Losing a loved one through the negligence of another person or entity can be hard to handle. While a wrongful death lawsuit can be hard, having an attorney on your side can make things easier. Not only can an attorney handle your investigation, but they can also recover funds to ensure you and your family financial stability. If you’re interested in seeking justice for your loved one, this blog will give you an insight into the wrongful death laws in North Carolina and how to go about filing a claim.
What is “wrongful death” in the state of North Carolina?
Wrongful death in North Carolina is defined as a death caused “by a wrongful act, neglect, or default of another” person or entity, which would have resulted in a personal injury claim had the victim survived (N.C. Gen. Stat. § 28A-18-2 (2021).).
How does one prove wrongful death?
The most common types of personal injury and wrongful death claims happen through medical malpractice, an intentional act, or negligence-based incidents like a car accident. To prove liability in a wrongful death case, a plaintiff must prove the following elements.
- Duty of Care — The plaintiff must prove that the other party owed a duty of care to the victim.
- Breach of Duty of Care — The plaintiff must prove that the other party breached that duty of care.
- Causation — The plaintiff must show that the other party’s actions led directly to the victim’s death.
Who can file a wrongful death claim?
Some states limit who can and cannot file a wrongful death lawsuit. In North Carolina, a claim can only be filed by a the executor identified in the will, or a Administrator of the Estate, identified by a court system through intestacy laws. Those who could be an administrator are usually:
- Surviving spouses
- Adult children
If you have a felon conviction, you are unqualified to serve as an administrator for your loved one
What types of damages are available?
Damages are the compensation the victim’s family receives after a successful lawsuit. This form of compensation can be available for various reasons, including economic and non-economic. According to North Carolina law, the following damages may be recoverable:
- Funeral expenses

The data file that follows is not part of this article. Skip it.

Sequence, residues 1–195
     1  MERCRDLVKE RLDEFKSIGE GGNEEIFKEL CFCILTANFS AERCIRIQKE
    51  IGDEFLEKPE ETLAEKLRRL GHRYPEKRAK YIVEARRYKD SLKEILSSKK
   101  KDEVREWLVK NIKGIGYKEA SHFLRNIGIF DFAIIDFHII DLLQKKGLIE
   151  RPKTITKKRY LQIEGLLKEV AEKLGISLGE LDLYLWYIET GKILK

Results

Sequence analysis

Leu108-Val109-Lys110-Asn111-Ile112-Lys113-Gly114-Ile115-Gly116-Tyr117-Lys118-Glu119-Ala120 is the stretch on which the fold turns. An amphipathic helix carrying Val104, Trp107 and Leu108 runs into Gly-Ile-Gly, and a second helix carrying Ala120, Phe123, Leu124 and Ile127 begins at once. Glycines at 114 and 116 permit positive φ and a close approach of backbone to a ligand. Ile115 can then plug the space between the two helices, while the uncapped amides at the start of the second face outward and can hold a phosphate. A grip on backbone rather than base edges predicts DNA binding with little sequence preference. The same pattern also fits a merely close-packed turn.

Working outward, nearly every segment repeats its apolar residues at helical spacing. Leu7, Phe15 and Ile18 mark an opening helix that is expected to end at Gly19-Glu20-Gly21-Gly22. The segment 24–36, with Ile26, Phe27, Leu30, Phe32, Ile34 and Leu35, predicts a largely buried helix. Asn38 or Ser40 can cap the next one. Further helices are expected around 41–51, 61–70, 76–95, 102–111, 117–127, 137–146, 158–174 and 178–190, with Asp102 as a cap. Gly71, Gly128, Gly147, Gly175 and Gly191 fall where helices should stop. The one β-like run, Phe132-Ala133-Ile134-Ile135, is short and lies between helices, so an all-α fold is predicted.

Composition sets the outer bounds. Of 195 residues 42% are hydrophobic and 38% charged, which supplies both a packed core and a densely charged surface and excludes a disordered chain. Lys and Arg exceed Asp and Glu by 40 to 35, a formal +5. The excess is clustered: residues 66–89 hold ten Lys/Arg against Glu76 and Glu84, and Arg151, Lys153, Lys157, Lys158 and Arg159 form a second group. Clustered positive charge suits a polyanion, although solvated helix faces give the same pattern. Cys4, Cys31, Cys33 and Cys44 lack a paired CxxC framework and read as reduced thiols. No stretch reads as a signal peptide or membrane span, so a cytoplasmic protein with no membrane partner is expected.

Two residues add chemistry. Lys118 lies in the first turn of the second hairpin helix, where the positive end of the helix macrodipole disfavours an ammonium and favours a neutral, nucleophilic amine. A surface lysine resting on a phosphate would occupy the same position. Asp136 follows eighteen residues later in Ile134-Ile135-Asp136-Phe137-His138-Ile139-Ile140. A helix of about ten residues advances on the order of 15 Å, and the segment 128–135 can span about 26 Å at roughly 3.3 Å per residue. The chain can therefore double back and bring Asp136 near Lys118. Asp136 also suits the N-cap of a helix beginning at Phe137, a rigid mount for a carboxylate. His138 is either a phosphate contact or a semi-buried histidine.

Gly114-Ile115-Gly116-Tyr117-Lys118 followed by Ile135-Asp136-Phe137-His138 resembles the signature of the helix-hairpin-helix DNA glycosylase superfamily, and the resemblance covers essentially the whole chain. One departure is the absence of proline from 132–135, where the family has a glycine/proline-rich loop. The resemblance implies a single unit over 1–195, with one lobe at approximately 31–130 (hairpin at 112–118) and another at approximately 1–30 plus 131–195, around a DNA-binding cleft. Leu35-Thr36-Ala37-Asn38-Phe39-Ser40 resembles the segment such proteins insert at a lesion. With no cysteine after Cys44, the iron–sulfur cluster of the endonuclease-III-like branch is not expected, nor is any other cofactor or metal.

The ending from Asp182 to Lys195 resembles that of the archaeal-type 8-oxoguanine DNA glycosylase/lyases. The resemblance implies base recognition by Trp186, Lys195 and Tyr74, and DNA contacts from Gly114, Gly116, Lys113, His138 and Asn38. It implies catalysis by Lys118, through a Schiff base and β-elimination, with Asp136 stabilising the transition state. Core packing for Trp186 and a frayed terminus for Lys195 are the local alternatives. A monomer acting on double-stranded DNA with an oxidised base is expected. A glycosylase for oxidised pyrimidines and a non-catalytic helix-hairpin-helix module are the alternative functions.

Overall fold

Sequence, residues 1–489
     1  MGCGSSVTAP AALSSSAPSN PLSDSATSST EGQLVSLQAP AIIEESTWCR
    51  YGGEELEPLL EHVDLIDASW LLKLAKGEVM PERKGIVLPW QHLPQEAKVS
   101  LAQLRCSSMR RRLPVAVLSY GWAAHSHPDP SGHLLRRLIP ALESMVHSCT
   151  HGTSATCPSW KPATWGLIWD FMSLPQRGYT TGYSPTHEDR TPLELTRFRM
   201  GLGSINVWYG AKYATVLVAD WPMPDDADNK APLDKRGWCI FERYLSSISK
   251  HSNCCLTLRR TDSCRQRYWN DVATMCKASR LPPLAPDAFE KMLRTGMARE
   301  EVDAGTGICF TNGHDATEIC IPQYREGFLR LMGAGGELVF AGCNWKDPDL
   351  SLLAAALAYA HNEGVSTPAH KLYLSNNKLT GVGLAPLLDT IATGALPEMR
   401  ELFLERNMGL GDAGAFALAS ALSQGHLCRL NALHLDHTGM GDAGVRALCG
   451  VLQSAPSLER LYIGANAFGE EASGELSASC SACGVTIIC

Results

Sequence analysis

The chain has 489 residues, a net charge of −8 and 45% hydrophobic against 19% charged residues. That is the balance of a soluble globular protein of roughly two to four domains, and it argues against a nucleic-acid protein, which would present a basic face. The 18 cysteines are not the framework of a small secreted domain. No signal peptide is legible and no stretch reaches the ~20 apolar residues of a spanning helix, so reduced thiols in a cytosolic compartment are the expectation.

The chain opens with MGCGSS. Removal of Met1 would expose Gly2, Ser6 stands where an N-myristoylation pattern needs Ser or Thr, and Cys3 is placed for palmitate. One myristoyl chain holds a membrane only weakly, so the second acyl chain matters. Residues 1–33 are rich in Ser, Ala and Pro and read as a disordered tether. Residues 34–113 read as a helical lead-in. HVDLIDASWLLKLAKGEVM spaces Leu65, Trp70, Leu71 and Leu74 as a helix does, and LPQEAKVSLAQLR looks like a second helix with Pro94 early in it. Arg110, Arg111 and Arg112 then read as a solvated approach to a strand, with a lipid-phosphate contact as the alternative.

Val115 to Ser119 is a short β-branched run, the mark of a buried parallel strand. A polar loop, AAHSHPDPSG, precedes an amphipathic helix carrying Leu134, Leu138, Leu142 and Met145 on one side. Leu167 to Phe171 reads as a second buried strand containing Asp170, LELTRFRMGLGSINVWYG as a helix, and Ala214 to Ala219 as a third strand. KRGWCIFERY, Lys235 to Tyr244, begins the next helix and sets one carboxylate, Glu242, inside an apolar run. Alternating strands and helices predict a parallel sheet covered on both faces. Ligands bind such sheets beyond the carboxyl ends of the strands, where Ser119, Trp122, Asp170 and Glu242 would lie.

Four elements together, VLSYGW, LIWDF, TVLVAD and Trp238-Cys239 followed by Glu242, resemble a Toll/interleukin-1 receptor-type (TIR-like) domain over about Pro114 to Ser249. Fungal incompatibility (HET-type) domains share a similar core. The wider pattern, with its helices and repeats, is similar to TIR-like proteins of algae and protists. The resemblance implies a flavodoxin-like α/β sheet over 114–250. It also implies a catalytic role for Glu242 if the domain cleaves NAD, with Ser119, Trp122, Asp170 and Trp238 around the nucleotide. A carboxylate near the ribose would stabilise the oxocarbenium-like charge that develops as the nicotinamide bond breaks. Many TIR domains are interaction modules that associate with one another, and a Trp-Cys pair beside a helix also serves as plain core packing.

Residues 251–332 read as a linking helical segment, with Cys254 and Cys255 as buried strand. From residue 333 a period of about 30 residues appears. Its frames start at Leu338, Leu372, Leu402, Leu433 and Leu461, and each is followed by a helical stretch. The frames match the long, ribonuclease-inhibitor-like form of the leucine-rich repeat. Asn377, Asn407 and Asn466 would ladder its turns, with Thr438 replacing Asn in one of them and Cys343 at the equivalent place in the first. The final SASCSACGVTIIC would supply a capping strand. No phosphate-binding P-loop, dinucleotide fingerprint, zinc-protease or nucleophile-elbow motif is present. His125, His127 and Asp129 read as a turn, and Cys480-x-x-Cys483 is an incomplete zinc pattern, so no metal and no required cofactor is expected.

- Medical bills
- Loss of income
- Pain and suffering
- Loss of protection
The state of North Carolina allows for punitive damages to be awarded. However, the point of punitive damages is to deter the defendant from their previous behavior that led to the death. Not everyone will be awarded the same damages, so if you’re interested in what you could potentially receive in a case, speak with a local legal professional.
An important note to keep in mind is that the person receiving the recovered funds does not have to be the Administrator.
What’s North Carolina’s Statute of Limitations?
According to the state, the statute of limitations in North Carolina for cases involving wrongful death is 2 years from the date of death. There are some exceptions to this rule, but it’s unlikely that a lawyer extends the deadline. If the deadline is coming up for you to file, speak with your local wrongful death attorney to hear your case before it’s too late.
What do I do if I suspect my loved one’s death was wrongful?
If you suspect that you may have a wrongful death claim on your hand, our North Carolina attorneys may be here to assist you. Grieving the loss of your loved one is hard enough. You shouldn’t have to deal with the pressure of losing a loved one and dealing with seeking justice on your own.
Before we get started with your case, it would benefit the Lanier Law Group team if you provided us with information like:
- Decedent’s birth (if available) and death certificate
- Decedent’s funeral and state income tax returns for the five years preceding their death
- Federal estate tax return filed in decedent’s estate
- The autopsy report of the decedent (if available)
Visit the wrongful death page on our website for the complete list of items that could help your case. Once you have gathered the necessary items that can help build your case, give our office a call today at (855) 757-4204 or fill out this form on our website for a consultation.